In 1993, now-Holland & Knight partner Miguel De Grandy was a star in the Florida Legislature.
A Republican in an era of Democratic domination, De Grandy had developed a reputation as a moderate lawmaker able to deftly work with the majority party. That year, the Miami Herald named him the most effective Republican House representative for the third year in a row.
Twenty-six years later, De Grandy is still using the skill set he picked up as a legislator, whether he’s working out a deal with Miami commissioners to find a new home for the Ultra Music Festival, or securing a site for a domestic-violence shelter funded by a 1 percent tax on food and beverages that he helped pass years ago.
But it was as a legislator more than 25 years ago that De Grandy honed the skills he uses today. In 1993, he was championing a bill that would decriminalize breastfeeding in public. At the time, public breastfeeding was punishable by a litany of Florida statutes, including indecent exposure and obscenity.
To get the bill passed, De Grandy needed to walk a tightrope. Even with verbal and ideological support of the Democratic majority, potential laws grinding through the statehouse can be sunk for numerous reasons. So when his bill was put in front of a house committee, De Grandy pulled out all the stops.
In the lead-up to the hearing, De Grandy was working behind the scenes to gin up support. He spoke to the women’s caucus, telling them “breastfeeding is an issue deeply connected to women.” Then he went to his more conservative colleagues, informing them that “breastfeeding is about family values.” He then lobbied for support from members who championed climate issues, saying “how many tons of solid waste can we eliminate from landfills if we encourage breastfeeding over formula?”
When it came time for his committee hearing, De Grandy packed the room with supporters, including then-Florida Gov. Lawton Chiles’ own daughter, Rhea, and a breastfeeding advocacy group, La Leche League.
“By the time that bill hit the floor it was unstoppable,” he said. “The conservatives, the liberal feminists, the environmentalists had nothing in common. But if you talk to people on terms they can understand, they respond.”
The Florida House of Representatives approved the bill 107-8. The Florida Senate passed the bill unanimously. Chiles signed it into law. And De Grandy learned a valuable lesson he has applied throughout his career and now as the practice group leader for Holland & Knight’s South Florida government advocacy and development group.
“Appeal to people on issues they care about,” he said, adding that every elected official has a cause, and you just have to show them why a client’s cause aligns with theirs.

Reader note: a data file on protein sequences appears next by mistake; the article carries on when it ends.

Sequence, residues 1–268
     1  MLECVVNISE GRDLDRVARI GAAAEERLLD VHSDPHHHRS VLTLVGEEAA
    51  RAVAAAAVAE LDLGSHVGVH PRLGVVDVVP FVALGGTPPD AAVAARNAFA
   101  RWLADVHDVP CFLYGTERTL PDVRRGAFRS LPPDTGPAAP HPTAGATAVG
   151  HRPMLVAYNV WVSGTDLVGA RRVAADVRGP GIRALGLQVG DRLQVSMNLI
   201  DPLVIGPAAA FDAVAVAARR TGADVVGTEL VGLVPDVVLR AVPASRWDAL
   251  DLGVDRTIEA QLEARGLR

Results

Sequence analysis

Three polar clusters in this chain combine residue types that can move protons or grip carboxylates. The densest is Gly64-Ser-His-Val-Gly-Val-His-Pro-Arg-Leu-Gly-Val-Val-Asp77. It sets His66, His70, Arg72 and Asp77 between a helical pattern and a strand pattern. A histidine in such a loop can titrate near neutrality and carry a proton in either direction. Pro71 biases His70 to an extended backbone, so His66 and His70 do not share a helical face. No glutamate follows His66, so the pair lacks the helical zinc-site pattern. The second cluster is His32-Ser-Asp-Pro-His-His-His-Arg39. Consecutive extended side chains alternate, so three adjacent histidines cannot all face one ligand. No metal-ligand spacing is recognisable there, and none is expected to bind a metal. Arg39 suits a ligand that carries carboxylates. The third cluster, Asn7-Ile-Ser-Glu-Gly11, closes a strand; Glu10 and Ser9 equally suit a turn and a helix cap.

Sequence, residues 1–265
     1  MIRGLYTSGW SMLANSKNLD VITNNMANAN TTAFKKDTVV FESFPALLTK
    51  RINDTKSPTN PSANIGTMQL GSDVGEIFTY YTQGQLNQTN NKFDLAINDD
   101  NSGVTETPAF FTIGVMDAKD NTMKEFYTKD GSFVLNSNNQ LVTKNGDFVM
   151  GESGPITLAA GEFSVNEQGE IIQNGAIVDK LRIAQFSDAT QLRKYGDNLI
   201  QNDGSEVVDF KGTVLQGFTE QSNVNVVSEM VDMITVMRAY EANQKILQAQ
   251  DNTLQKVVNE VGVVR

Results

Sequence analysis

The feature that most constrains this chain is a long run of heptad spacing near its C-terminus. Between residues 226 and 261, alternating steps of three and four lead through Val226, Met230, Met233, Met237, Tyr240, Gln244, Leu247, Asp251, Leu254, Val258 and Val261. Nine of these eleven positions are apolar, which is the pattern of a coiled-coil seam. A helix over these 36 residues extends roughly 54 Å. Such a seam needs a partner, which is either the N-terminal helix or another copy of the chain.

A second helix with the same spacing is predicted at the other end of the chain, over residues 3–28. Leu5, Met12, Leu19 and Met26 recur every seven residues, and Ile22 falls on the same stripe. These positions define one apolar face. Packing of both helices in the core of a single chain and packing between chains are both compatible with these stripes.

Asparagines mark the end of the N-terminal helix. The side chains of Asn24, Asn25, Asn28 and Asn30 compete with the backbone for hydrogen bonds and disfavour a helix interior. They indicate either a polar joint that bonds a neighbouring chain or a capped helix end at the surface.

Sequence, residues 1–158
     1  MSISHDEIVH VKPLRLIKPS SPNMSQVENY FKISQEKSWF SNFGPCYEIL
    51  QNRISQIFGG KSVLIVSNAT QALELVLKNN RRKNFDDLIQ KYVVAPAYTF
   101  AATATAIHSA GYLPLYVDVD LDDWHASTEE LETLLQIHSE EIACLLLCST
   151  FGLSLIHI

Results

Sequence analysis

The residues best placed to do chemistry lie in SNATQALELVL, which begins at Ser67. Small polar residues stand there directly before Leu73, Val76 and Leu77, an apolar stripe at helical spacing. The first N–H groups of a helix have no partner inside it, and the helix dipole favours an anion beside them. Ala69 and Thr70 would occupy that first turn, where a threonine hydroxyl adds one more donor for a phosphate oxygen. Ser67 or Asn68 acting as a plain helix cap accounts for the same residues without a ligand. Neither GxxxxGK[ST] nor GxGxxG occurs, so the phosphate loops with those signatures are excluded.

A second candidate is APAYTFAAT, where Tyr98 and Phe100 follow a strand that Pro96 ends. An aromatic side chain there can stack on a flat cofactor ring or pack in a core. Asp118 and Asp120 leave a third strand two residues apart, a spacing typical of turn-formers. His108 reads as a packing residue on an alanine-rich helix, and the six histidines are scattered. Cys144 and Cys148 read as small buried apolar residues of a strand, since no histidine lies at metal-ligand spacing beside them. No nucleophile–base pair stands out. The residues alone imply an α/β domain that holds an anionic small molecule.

After graduating from the University of Florida, De Grandy worked a few years as an assistant state attorney in Miami-Dade. Several years later, he wound up opening the firm Concepcion, De Grandy & Sexton with his childhood friend and college roommate, Carlos Concepcion.
Concepcion, a renowned international arbitrator and president of the Miami International Arbitration Society, said that De Grandy has had the public policy bug since their early days in law school. While Concepcion was business-oriented and bookish, De Grandy was drawn to the practical application of the law.
“We were great friends, and I certainly enjoyed him in law school, but it was clear we were working in different directions,” Concepcion said.
De Grandy’s job as a legislator was demanding: it left his practice, by his own recollection, “in shambles.” So after leaving Concepcion, De Grandy & Sexton and retiring from the Legislature, he took a job at Greenberg Traurig as the chairman of the firm’s governmental and administrative law group.
In 2001, he opened his own private firm. And in 2013 he moved to Holland & Knight.
Over the years, De Grandy has had his hands in a lot of pots. He’s represented several municipalities, including the cities of Sweetwater and Coral Gables, during the annexation process. He’s done extensive redistricting work, taking a case he brought against the Democratic-controlled state Legislature all the way to the U.S. Supreme Court.
To De Grandy, government service is almost a prerequisite to an effective land use practice. Understanding the inner-machinations of government through personal experience is invaluable when on the other side representing a client.
Akerman’s land use practice head, Neisen Kasdin, whose political career included a stint as mayor of Miami Beach, agrees.
“Sometimes you get ex-politicians who have a weak understanding of the law, and other times you get a good lawyer with a poor understanding of government and politics,” Kasdin said. “Miguel has both.”
Miguel De Grandy
Born: 1958 Havana, Cuba
Children: Ryan, Kelsea, Sean and Ashley
Education: University of Florida, J.D. , 1981 ; University of Florida B.A., 1979
Experience: Partner, Holland & Knight, 2013-present; Founder, Miguel De Grandy, P.A., 2001-2013; Shareholder, Greenberg Traurig 1994-2001; Legislator, Florida State House of Representatives, 1989-1994; Co-founding Partner, Concepcion, De Grandy and Sexton, 1990-1993; Founder, Miguel De Grandy, P.A., 1983-1990; State Attorney, Miami-Dade Office of the State Attorney, 1981-1983.